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Committee Hears Recovery Ideas
Saturday, July 2, 2011
Two thousand and eleven will certainly go down as one of the most trying years in Missouri history. The tornado that occurred in Joplin on May 22nd killed more than one hundred and fifty Missourians and was the worst tornado recorded in the United States since 1950. Folks in and around Sedalia continue to work hard at putting their lifeís back together after the devastating May 25 tornado. Parts of southeast Missouri have been, and will continue to be, flooded for months. As a result, Missouri farmers and families have lost both their homes and their livelihoods. All the while a perfect storm of snow melt in the north along with record rainfall continues to threaten our state with projected flooding more damaging than even the historic floods of 1993.
Over the last couple weeks I have participated in public hearings conducted by the Interim Committee on Disaster Recovery. The first meetings of this committee was held in Sedalia and than we went to Joplin last week. Missouri House Speaker Steven appointed me as a member of this committee in the wake of flooding around the state and tornadoes that struck the St. Louis area, Sedalia and left a path of destruction in Joplin. The committee is to address the numerous issues that come along with the clean up after such devastation. Committee members will also look at both the short and long term recovery process and investigate how the state can assist in helping these regions clean up and move forward.
The hardships placed on Missouri families by Mother Nature are compounded by the challenges many Missourians face in trying to provide for their families during these trying economic times. Missouriís unemployment rate continues to hover around 9 percent. Almost one in ten Missouri residents are actively looking for a job and don't have one - the actual number of unemployed is much higher, as many people have simply given up.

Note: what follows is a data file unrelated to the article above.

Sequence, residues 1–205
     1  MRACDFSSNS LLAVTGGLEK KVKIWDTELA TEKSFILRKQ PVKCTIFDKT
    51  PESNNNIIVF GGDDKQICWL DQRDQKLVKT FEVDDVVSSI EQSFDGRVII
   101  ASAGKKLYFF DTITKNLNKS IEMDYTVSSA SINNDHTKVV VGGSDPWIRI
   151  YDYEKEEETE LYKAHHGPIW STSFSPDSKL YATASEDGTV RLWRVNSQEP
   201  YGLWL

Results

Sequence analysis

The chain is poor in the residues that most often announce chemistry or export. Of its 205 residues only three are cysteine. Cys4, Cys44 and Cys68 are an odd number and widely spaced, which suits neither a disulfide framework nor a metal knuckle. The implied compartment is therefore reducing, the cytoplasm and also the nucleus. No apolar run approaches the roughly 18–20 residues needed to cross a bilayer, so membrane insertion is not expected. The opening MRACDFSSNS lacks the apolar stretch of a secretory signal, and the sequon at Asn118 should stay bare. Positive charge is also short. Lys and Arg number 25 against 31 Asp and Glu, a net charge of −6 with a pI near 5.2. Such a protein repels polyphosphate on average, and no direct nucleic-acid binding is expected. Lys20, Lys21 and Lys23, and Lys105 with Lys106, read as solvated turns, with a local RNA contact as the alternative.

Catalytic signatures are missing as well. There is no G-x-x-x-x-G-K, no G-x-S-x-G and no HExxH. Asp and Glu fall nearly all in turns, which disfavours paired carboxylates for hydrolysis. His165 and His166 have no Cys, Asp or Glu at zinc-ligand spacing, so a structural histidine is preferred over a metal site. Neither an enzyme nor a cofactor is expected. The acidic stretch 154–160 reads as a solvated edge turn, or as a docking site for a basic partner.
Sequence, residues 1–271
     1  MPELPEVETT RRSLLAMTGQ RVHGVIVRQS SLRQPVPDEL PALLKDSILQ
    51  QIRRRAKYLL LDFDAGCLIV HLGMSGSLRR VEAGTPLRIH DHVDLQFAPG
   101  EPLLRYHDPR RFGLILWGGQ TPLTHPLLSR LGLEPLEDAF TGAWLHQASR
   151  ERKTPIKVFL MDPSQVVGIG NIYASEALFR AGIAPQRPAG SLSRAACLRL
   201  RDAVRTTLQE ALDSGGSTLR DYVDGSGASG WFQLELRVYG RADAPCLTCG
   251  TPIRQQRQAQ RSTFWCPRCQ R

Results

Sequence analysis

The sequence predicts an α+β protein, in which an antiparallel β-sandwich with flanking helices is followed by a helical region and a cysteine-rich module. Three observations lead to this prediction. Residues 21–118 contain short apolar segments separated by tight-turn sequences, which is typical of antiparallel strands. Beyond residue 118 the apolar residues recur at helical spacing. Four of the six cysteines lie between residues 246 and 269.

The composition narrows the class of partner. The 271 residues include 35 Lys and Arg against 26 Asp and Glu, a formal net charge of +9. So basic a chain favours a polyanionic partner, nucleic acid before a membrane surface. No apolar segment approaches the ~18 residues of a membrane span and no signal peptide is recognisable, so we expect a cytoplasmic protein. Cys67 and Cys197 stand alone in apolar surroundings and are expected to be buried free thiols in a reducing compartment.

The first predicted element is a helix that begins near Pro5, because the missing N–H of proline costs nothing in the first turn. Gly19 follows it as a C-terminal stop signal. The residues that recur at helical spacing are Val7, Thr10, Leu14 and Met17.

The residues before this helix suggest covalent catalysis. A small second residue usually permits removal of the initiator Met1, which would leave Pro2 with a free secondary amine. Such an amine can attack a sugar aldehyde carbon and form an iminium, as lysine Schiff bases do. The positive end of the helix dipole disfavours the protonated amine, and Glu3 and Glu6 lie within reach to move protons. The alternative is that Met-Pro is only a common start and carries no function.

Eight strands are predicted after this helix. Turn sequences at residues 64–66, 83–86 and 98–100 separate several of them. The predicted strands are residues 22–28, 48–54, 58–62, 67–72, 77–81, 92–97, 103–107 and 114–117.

At the hearing held in Joplin we heard from representatives from the Joplin school district, local government, local hospitals and ordinary citizens. We heard reports that in Joplin 7500 homes were damaged by the E-5 tornado with 4000 destroyed or left uninhabitable. Eight public schools were damaged including the destruction of the cities only high school. The school district estimates their losses at $150,000,000. Officials estimate that 1800 vehicles were destroyed, 500 businesses destroyed and 4500 jobs displaced. Just as important as these numbers, we heard from regular people who are struggling every day with their losses and are trying to restore to their ordinary lives. We heard ideas from these folks about how Missouri and local governments can better meet these challenges in the future
We heard testimony about how buildings can be constructed to better survive these terrible winds. On the other hand we were warned against making too many unnecessary regulations on houses, like mandatory basements, because if these requirements make houses too expensive to build or repair. Individuals testified that these types of regulations end up hurting rather than helping people. We heard a very sensible proposal from administrators of the only surviving hospital in Joplin which would allow physicians who are not currently licensed in Missouri to be permitted to temporarily practice their profession in our State when there is a disaster and a shortage of professionals. Some of these obstacles faced by individuals involved in the disaster recovery can be fixed by simply changing laws or regulations.
As part of my trip to Joplin, I toured the neighborhoods in that city. Besides the utter devastation in Joplin, I was most impressed with the response of volunteers from all across or State and nation. Literally, thousands of Good Samaritans have donate their time to the clean up and recovery efforts. The rebuilding after these disasters will be primarily accomplished by individuals.
We in the Missouri General Assembly can help in the effort to restore these lost jobs by continuing in our effort to reduce the burdensome regulations on job creators created by government. Our State government can help by providing some short term help to the victims. There is a role for government, but mostly government needs to remove the obstacles and allow individuals and charities to do their good work. Due to the magnitude of the Joplin tornado, the Speaker has asked for a report on the short term needs of the area detailing areas the legislature can assist by the end of July and if a Special Session should be convened. The committee will put together a comprehensive report by the end of the year.